More than 200 fireworks-related injuries occurred last year in Kansas
Topeka – The Kansas Department of Health and Environment, Office of the State Fire Marshal and Safe Kids Kansas would like to remind Kansans of the importance of fireworks safety this Independence Day. Fireworks are dangerous to both adults and children if not handled properly.
Out of 207 reported fireworks-related injuries in Kansas in 2018, males between the ages of 9 and 34 were the most commonly injured demographic, according to the 2018 Kansas Fireworks Injury Survey. Males represented 64 percent of the total number of injuries. Nearly half of the injuries involved children under the age of 18. Hands, eyes, face and head injuries were among those reported.
“Hand injuries are the most common injury seen in Kansas, at 34 percent,” Cherie Sage, Director of Safe Kids Kansas, said. “It’s really important for little hands to not light fireworks. This includes sparklers, which burn at a temperature hot enough to melt glass. We encourage parents to let their little ones use glow sticks instead of sparklers.”
The data was collected through voluntary reporting from Kansas hospitals and administered by the Office of the State Fire Marshal.
“We want all Kansans to have a fun, safe Fourth of July,” Doug Jorgensen, Fire Marshal for the State of Kansas, said. “We know the safest way to enjoy fireworks is to visit public fireworks displays conducted by trained professionals who know how to properly handle fireworks. If you are going to purchase and partake in consumer fireworks, a few simple precautions can prevent you or your loved ones from becoming one of these statistics.”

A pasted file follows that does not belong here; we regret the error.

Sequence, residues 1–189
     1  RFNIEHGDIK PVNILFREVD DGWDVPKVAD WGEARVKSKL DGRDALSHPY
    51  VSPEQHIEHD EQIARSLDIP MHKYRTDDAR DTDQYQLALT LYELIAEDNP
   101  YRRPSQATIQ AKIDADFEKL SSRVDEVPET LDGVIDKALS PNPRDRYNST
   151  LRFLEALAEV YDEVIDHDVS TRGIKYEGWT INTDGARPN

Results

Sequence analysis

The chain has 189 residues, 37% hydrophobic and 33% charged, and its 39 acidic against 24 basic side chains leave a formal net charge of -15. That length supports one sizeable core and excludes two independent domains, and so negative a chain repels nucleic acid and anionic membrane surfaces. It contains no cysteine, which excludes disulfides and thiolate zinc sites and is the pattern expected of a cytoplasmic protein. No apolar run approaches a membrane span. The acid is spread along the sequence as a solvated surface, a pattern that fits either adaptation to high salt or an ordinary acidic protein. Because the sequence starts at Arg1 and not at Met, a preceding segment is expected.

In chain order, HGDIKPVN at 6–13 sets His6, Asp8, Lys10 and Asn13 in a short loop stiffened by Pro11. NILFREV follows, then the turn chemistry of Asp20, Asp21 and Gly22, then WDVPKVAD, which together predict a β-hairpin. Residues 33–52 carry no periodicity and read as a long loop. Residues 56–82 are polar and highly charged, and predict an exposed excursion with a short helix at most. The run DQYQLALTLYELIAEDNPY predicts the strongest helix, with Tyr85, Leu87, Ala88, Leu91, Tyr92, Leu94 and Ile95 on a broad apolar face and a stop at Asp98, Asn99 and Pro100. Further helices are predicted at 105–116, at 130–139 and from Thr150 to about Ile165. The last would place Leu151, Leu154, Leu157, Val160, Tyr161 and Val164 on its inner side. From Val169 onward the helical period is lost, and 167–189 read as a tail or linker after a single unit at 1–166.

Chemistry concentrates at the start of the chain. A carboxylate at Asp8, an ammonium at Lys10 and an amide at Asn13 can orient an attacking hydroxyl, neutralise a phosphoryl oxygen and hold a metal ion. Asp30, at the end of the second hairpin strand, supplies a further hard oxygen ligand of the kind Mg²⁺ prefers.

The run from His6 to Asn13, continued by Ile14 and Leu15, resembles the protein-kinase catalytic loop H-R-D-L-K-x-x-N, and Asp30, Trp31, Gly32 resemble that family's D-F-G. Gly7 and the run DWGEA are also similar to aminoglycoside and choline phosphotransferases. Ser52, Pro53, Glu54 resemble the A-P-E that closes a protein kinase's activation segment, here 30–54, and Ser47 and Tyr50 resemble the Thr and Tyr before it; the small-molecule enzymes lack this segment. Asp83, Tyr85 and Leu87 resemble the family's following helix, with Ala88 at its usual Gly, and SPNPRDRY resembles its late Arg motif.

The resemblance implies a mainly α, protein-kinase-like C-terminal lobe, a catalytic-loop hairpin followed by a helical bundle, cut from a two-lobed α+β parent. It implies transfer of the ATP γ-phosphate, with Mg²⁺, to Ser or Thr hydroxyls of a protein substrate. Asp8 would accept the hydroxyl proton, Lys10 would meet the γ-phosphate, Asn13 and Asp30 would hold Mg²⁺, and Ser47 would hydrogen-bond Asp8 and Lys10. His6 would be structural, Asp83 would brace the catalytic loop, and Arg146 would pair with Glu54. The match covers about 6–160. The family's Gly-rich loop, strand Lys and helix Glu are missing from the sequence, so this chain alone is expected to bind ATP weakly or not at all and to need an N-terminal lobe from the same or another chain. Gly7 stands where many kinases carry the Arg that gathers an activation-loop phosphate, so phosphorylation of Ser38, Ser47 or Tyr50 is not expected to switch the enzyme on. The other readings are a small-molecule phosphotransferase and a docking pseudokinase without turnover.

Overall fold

Jorgensen added that always using a long-handled lighter to ignite fireworks, lighting from a solid, flat and stable platform and making sure fireworks debris has cooled off completely before disposing, are tips that can significantly lower the risk of injuries and fires.
“It’s everyone’s responsibility to ensure a safe and healthy holiday,” Lee Norman, Secretary of KDHE, said. “Having a water supply handy, being prepared with first aid kits and following the laws and safety protocols are just a few ways Kansans of every age can come together for a great, safe Fourth of July.”
Other tips include:
Bottle rockets and M80s are illegal in Kansas and extremely dangerous. The use or sale of these banned fireworks is considered a crime under Kansas law. It is also illegal in Kansas to shoot fireworks on or under any vehicle, on any public roadway, within 50 feet of a fireworks stand or where fireworks are stored, and at gas stations or any place liquid gas – including propane – is stored.
Always refer to the local ordinances as to whether fireworks are allowed in your area as well as what types. Some cities or counties have restricted dates/times or types of fireworks that may be sold or discharged.
For more information on fireworks safety, visit Fireworks Safety or Safe Kids Kansas.